The government is asking people with variations in sex characteristics to tell them about their personal experiences and what can be done to improve their lives.

Variations in sex characteristics (VSC), sometimes referred to as “intersex” or “differences in sex development”, is an umbrella term used to describe physical sex development which differs from what is generally expected of males or females.

Although the “call for evidence” is open to anyone with information on the needs of people with these variations, the government is particularly interested in the experiences of those with naturally occurring variations. These may be chromosomal, gonadal, anatomical or hormonal.

Depending on the individual case, these differences may be visible at birth or untraceable until puberty, or even later in life. Research from clinical experts suggests the number of people born with atypical genitalia may be as high as one in 300 births, but the birth prevalence of a condition that may lead to true genital ambiguity on expert examination may be as low as one in 5000 births.

The call for evidence or information is therefore aimed at VSC individuals, their parents, carers, and legal guardians, and professionals and service providers, giving them the opportunity to share their views and experiences on:

  • Terminology – the terms people prefer using to describe having variations in sex characteristics
  • Healthcare – how decisions are made around medical interventions and how healthcare services could be improved
  • Education – how people with variations in sex characteristics experience school and how the education system could be improved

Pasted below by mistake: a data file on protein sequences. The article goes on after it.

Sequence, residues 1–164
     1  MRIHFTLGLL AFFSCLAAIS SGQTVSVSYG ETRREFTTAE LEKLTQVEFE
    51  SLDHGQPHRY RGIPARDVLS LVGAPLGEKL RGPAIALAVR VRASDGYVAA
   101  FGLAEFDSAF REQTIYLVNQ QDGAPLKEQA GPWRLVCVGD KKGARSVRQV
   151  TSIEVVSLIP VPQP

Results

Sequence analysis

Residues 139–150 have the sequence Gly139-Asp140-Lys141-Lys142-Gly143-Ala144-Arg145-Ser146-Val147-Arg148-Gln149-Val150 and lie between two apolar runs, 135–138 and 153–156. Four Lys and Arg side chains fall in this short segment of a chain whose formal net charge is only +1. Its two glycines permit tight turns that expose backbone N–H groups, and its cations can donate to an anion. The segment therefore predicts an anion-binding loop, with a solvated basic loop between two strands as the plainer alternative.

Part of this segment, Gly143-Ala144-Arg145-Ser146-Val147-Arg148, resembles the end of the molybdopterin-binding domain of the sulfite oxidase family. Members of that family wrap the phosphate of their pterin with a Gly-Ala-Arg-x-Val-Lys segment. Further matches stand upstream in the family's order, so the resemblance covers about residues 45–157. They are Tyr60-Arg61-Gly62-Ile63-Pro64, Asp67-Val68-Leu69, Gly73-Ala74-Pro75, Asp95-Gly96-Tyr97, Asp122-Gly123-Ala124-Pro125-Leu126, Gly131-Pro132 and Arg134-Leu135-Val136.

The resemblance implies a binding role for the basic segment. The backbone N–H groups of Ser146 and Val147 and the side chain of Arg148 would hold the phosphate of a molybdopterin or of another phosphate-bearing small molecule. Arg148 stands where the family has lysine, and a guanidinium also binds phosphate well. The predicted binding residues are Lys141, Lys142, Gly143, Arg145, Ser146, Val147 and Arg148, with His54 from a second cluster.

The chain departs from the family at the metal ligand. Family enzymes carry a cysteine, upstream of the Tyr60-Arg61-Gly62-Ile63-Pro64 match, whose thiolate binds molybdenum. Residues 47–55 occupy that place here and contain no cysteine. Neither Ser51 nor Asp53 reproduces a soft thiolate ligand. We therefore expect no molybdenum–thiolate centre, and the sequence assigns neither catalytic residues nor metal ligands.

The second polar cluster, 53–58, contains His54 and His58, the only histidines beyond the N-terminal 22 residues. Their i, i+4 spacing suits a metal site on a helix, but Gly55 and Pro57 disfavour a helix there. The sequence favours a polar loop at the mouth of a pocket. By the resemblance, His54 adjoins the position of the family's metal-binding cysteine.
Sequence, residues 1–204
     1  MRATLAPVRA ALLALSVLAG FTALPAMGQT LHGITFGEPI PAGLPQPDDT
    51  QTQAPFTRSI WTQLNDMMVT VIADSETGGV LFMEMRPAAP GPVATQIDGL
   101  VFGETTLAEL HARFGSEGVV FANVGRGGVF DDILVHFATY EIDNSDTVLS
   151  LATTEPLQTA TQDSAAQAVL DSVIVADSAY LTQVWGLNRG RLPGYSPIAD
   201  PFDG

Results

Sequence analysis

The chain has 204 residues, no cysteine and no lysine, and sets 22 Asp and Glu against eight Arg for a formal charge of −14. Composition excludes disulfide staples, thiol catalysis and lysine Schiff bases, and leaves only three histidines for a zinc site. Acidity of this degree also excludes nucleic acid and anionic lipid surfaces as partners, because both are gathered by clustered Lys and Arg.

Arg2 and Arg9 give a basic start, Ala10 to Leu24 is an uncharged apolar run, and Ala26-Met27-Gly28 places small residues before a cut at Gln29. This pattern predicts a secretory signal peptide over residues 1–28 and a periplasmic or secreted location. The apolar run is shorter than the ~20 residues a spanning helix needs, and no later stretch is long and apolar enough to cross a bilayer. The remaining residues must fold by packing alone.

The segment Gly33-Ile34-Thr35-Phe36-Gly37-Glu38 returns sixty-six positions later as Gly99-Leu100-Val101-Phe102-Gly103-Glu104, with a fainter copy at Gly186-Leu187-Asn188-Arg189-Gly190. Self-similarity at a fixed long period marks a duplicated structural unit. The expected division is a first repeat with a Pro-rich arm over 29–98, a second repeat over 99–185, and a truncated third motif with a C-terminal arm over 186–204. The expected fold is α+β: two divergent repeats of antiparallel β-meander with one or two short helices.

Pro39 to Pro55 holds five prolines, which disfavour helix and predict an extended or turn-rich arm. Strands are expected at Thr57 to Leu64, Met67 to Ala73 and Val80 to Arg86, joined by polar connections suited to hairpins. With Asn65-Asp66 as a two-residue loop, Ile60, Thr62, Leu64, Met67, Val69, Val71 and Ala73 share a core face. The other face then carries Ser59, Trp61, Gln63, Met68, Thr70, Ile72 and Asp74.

• Support services – what support, if any, affected individuals and their families receive and how support services could be improved
  • Issues faced in day to day life – people’s experiences of being in the workplace, of claiming benefits and using sport and leisure services
  • Sex assignment, birth registration and correcting birth certificates – whether people have changed their birth certificate if the sex was incorrectly assigned at birth and parent’s experiences of registering a child’s birth


Matthew Pull of Thompsons Solicitors commented: "We are pleased to see that the experiences of those with variations in sex characteristics are being acknowledged by this government. We hope this will lead to better policies and a commitment to improving the quality of life of those who currently do not feel their needs are being met. Ultimately however, we have to wait and see if this pushes forward proper action from the government on the subject before we make any judgments."

To read the call for evidence (which closes on 28 March) in detail, go to the government website.